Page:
Scott D. Marrs and Joseph W. Hance III 2014-01-23 09:52:43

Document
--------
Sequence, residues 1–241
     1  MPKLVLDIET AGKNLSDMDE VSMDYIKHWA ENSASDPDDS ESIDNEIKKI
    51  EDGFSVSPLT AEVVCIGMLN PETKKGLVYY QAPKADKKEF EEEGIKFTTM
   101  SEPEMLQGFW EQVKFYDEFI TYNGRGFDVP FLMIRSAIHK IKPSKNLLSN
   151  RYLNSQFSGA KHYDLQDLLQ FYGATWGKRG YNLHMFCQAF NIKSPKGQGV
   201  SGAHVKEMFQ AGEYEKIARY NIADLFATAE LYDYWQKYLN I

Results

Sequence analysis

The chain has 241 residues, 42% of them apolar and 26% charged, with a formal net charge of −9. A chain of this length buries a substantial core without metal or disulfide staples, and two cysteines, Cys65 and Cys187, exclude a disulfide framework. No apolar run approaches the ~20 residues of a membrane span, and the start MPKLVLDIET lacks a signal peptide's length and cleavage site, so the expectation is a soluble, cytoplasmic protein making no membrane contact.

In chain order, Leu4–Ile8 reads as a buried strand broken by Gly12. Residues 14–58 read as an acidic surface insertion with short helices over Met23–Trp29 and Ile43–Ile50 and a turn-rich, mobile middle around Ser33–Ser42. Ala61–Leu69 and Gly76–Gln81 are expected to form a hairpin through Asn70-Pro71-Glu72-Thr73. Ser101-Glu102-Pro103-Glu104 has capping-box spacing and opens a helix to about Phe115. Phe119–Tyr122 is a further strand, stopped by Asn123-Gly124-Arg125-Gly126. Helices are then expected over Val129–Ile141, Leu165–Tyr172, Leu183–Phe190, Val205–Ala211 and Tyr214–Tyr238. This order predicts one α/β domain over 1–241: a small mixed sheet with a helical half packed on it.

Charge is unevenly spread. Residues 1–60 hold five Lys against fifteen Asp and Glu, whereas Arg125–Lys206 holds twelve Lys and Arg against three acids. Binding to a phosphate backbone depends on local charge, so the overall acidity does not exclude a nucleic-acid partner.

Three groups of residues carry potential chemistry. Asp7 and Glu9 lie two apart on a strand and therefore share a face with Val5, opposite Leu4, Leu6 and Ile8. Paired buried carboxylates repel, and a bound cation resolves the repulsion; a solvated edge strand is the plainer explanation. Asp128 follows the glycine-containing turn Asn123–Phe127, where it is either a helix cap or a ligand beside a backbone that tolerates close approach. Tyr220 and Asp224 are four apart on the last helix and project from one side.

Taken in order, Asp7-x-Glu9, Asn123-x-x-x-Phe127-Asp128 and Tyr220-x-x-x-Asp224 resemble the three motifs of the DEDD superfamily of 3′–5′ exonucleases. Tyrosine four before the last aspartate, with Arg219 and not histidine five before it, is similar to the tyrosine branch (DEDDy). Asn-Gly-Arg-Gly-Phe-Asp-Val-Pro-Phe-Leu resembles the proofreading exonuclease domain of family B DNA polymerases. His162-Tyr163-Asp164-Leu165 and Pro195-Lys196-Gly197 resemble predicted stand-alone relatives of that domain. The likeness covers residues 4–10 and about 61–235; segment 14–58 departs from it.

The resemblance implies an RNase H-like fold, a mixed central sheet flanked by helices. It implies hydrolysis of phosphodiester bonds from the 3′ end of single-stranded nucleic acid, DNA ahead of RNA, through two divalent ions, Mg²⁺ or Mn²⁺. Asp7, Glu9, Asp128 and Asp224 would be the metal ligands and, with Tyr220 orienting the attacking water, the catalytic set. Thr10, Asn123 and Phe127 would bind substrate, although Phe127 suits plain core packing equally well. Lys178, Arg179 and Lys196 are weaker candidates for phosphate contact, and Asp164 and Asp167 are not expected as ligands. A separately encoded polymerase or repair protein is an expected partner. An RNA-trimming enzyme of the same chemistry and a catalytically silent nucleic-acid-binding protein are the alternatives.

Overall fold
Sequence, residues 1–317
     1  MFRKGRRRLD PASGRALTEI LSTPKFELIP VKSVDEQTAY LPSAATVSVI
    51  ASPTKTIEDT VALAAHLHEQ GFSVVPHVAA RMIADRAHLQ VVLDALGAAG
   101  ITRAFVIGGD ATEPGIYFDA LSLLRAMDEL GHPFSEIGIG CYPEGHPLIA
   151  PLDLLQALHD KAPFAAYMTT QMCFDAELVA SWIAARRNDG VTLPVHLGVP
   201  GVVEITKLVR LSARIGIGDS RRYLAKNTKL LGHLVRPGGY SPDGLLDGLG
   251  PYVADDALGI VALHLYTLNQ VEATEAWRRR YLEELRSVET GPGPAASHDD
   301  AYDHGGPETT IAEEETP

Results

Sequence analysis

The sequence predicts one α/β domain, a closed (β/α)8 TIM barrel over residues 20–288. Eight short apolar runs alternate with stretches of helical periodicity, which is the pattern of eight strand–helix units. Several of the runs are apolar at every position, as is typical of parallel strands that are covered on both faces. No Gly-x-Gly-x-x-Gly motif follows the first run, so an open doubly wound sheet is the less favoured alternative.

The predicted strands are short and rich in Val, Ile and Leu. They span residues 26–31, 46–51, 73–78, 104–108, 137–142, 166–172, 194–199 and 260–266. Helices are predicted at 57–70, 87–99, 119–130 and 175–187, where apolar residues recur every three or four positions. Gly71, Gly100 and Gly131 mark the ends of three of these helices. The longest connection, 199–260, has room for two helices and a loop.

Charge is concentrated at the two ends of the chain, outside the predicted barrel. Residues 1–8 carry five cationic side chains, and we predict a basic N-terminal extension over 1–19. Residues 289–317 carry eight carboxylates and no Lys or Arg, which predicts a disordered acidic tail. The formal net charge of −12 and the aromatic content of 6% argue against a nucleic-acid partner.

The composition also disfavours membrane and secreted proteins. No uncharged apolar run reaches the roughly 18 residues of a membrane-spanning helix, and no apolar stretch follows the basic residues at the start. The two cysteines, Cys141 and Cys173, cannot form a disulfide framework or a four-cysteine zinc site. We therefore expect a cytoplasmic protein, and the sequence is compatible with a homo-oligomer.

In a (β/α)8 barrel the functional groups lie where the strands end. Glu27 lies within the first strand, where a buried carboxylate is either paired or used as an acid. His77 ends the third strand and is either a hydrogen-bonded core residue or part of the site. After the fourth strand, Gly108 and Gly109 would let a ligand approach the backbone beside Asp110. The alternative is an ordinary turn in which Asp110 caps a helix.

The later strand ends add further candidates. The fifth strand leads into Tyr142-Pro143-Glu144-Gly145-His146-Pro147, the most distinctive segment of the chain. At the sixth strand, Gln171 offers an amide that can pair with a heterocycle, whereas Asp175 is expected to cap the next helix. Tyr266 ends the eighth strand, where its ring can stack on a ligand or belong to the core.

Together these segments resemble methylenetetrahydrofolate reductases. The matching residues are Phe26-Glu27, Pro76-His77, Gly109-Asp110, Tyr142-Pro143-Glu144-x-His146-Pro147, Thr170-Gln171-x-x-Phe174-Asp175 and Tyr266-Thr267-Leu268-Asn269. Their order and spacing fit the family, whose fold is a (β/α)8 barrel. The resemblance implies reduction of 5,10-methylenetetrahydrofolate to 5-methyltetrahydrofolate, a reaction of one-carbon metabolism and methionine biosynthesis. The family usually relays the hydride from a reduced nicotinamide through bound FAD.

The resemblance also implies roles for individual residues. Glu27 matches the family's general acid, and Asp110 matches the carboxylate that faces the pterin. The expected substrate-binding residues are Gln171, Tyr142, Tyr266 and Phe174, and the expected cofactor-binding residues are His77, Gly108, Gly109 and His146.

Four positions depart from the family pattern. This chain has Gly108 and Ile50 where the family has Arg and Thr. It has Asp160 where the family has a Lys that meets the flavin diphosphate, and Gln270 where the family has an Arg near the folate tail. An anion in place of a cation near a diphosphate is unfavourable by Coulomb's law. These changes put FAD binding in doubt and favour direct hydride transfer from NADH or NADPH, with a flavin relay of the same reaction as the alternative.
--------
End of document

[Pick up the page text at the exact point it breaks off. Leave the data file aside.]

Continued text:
What you thought you knew could hurt you. Confidentiality applies to all arbitrations—right? Wrong. Most attorneys and clients assume that arbitration, by its very nature, is confidential. However, although arbitration provides greater privacy and confidentiality than litigation, not all arbitration rules require confidentiality. Therefore, it is important to understand the distinctions made in the rules of the applicable arbitration forum, as well as how to obtain confidentiality when those rules don’t provide for it. INTRODUCTION This article provides practical guidance on how domestic and international arbitration forums and various countries address confidentiality in arbitration proceedings. We will discuss the three largest arbitration forums in the United States: (1) the American Arbitration Association, (2) the Judicial Arbitration and Mediation Services, and (3) the International Institute for Conflict Prevention & Resolution. On the international end, we will survey the three largest international arbitration forums: (1) the International Chamber of Commerce, (2) the London Court of International Arbitration, and (3) the United Nations Commission on International Trade Law. Finally, we will discuss how various countries treat confidentiality in arbitration. This analysis will enable counsel to determine whether a particular forum’s rules provide for confidentiality, and, if they do not, how to obtain it if desired. The analysis is organized in chart fashion for easy reference by advocate and client alike. We also offer a number of tips, sample provisions, and practice notes along the way. The Myth of Confidentiality. Most arbitration forums do provide that arbitration proceedings shall be conducted in private. However, there is a distinction between privacy of the proceedings and confidentiality of filings, discovery, evidence submitted, and the award. Although most arbitration proceedings (such as hearings) are not open to the public and press, and third parties may not participate, this degree of privacy does not mean that the arbitration as a whole is confidential. Parties may specifically agree to confidentiality, but absent such an agreement, the forum’s applicable rules must be consulted. While most arbitration forum rules do provide that the forum and the arbitrator must hold such proceedings as a whole in confidence, most do not place the duty of confidentiality on the parties themselves. DOMESTIC ARBITRATION State Protections. Recognizing the conflict between the public perception of confidentiality and the reality of various forums’ rules, some states have enacted statutes or rules governing confidentiality in arbitral forums. For example, at least four states have general statutory protections for arbitration confidentiality: Arkansas [Ark. Code Ann. § 16-7-206 (1999)]; California [Cal. Evid. Code § 703.5]; Missouri [Mo. Ann. Stat. § 435.014]; and Texas [Tex. Civ. Prac. & Rem. Code Ann. § 154.073]. Other states, such as Florida [Fla. B. R. 14-7.1(b)], Georgia [Ga. R. & Regs. St. B. R. 6-701], and New York [N.Y. Standards and Administrative Policies, Rules of the Chief Administrator of the Courts §137.10] have confidentiality statutes for mediations and arbitrations concerning attorneys’ fees disputes. Analysis of the Three Largest Arbitration Forums in the United States. The three largest arbitration forums in the United States—AAA, JAMS, and CPR— have differing rules on privacy and confidentiality. The following chart emphasizes these differences. INTERNATIONAL ARBITRATION Analysis of the Largest International Arbitration Forums. The largest arbitration forums outside the United States are the International Chamber of Commerce, the London Court of International Arbitration, and the United Nations Commission on International Trade Law. The chart below analyzes the differing rules on privacy and confidentiality for the ICC, LCIA, and UNCITRAL. ARBITRATION IN VARIOUS COUNTRIES Long on History, Short on Uniformity. The use of arbitration dates back to a method of resolving disputes among the ancient Greeks recorded by Plato. Arbitration in the United States took place long before its birth as a nation— almost 300 years before the passage of “modern” arbitration statutes in the 1920s.3 Despite this rich historical backdrop, there is a noticeable lack of uniformity in how various countries—and even some states—address the confidentiality issue. Some countries impose an implied duty of confidentiality to all matters related to arbitration. Some apply a limited rule, while others have no such rule. This lack of uniformity creates growing uncertainty in our global economy. Multinational governmental bodies and international arbitration forums should propose and support a uniform confidentiality rule to create more certainty in cross-border transactions. The chart on the following page summarizes the rules of confidentiality in countries with the most active arbitration forums. CONCLUSION If Confidentiality Is Desired, Always Separately Provide for It. Although arbitration proceedings are generally private, they are not necessarily confidential, unless the parties specifically contract for confidentiality or the applicable forum’s rules (or a state statute/rule or country rule) dictate confidentiality. If confidentiality is desired, always include a separate confidentiality sentence in your arbitration provision—never simply incorporate the forum’s rules. Consider inserting the following sample sentence for confidentiality: “The parties shall maintain the confidential nature of the arbitration proceeding and the award, including the hearing, except as may be necessary to prepare for or conduct the arbitration hearing on the merits, or as may be necessary in connection with a court application for a preliminary remedy, a judicial challenge to an award or its enforcement, or unless otherwise required by law or judicial decision.” NOTES 1. The AAA was formed in 1926 by a merger of three groups one year after Calvin Coolidge signed the Federal Arbitration Act (the AAA’s international division, the International Centre for Dispute Resolution was established in 1996). JAMS was formed by the late Orange County Judge H. Warren Knight in 1979. CPR, also formed in 1979, was created by a coalition of leading general counsels. 2. The International Chamber of Commerce, based in Paris, was established in 1923. The London Court of International Arbitration was originally created as the City of London Chamber of Arbitration in 1891 (after passage of the English Arbitration Act in 1889), and was renamed the LCIA in 1903. The United Nations Commission on International Trade Law was established by the General Assembly in 1966. As of 2013, it had 60 member countries. 3. “Arbitration in New Netherlands in the 17th century ... was frequent, swift, and relatively simple compared to the English common law.” An Exploration of the Impact of Modern Arbitration Statutes on the Development of Arbitration in the United States, Benson, Journal of Law, Economics, & Organization, Vol. 11, No. 2, (Oct., 1995), pp. 479-501, Oxford University Press Stable. Merchants established arbitration arrangements in the American colonies, and the New York Chamber of Commerce made provisions for arbitration at its first meeting on April 5, 1768 (during the British occupation of New York, all civil disputes were referred to the chamber’s arbitration committee by the British occupation forces). The Supreme Court addressed arbitration in 1804, when it indicated a willingness to overturn an arbitration decision due to procedural matters even when no evidence of fraud existed [Maybin v. Coulon, 4 U.S. 298 (1804)], and the New York Stock Exchange formally provided for arbitration in its 1817 constitution. Id. Modern arbitration arose from the enactment of arbitration statutes by New York (1920), New Jersey (1923), Oregon (1925), Massachusetts (1925), the federal government (passage of the FAA in 1925), Pennsylvania (1927), and California (1927). These statutes dictated that courts that were previously hostile to arbitration honor contracts to arbitrate disputes. These developments spurred the growth of the private ADR business, such as the AAA, which was created in 1926, the year following passage of the 1925 Federal Arbitration Act. SCOTT D. MARRS is a partner in Beirne, Maynard & Parsons and an arbitrator with the American Arbitration Association, the International Chamber of Commerce, the Institute for Conflict Prevention & Resolution, and the London Court of International Arbitration. He has more than 20 years of domestic and international experience in disputes, trials, and arbitrations involving energy, intellectual property, commercial, and product liability issues. He can be reached at firstname.lastname@example.org. JOSEPH W. HANCE III is an associate with Beirne, Maynard & Parsons and is involved in a wide variety of civil litigation matters at both the trial and appellate levels. His areas of practice include arbitration, bankruptcy, construction, employment, and energy. He can be reached at email@example.com. © 2014 Beirne, Maynard & Parsons, L.L.P. All Rights Reserved. A Comparison of How Various Countries Address Arbitration Confidentiality Australia Australia considers arbitration nonconfidential. The High Court of Australia held that confidentiality, unlike privacy, is not “an essential attribute” of commercial arbitration. See Esso Australia Res. Ltd. v. Plowman, 128 A.L.R 391, 183 C.L.R. 10 (Austl. 1995). Dubai Dubai (home to the Dubai International Arbitration Centre and the Dubai International Finance Centre) requires all information relating to arbitration proceedings be kept confidential, except when disclosure is required by order of the DIFIC Court. England England (home of the LCIA) does not have legislation governing confidentiality (the Arbitration Act of 1996 does not address it) but does have case precedent indicating that arbitration proceedings are confidential (unless agreed otherwise). In Ali Shipping Corp. v. Shipyard Trogir, 11 2 All E.R., 1 Lloyd’s Rep. 643 (Eng. Ct. App. 1998), the court held that an obligation of confidentiality is implied in every arbitration agreement as “an essential corollary of the privacy of arbitration proceedings.” This obligation extends to the award and to all “pleadings, written submissions, and the proofs of witnesses, as well as transcripts and notes of the evidence given in the arbitration.” Id. at 651. France France (home of the ICC) Civil Code provides that the arbitrator’s deliberations are confidential but does not extend this duty to the parties themselves. See Aita v. Ojjeh, 1986 REVUE DE L’ARBITRAGE 583 (Cour d’appel de Paris, Decision of Feb. 18, 1986). Hong Kong Hong Kong (home of the Hong Kong International Arbitration Centre) provides that unless otherwise agreed upon by the parties, a party is not entitled to publish, disclose, or communicate any information relating to the arbitral proceedings or any award, unless required to do so by law or to pursue a legal right. New Zealand New Zealand extends a specific legislative duty of confidentiality on the parties. New Zealand’s Arbitration Act of 1996 provides that unless agreed otherwise, “the parties shall not publish, disclose, or communicate any information relating to arbitral proceedings under the agreement or to an award made in those proceedings.” It is understood that the New Zealand Arbitration Act was passed in response to Australia’s Esso decision to clarify that, unlike Australia, New Zealand supported a general duty of confidentiality. Singapore Singapore (home of the Singapore International Arbitration Centre) requires only confidentiality of court proceedings brought under particular arbitration acts if requested by the parties. Case law does, however, recognize a general duty of confidentiality for the hearing and award. Sweden Sweden (home of the Stockholm Chamber of Commerce) does not impose confidentiality on the parties. See Case No. T 1881-99 (Swedish Sup. Ct. 27 Oct. 2000). United States The United States does not impose an implied duty of confidentiality in arbitration—see United States v. Panhandle E. Corp., 118 F.R.D. 346 (D. Del. 1988)—leaving it in large measure to the parties to specifically contract for it.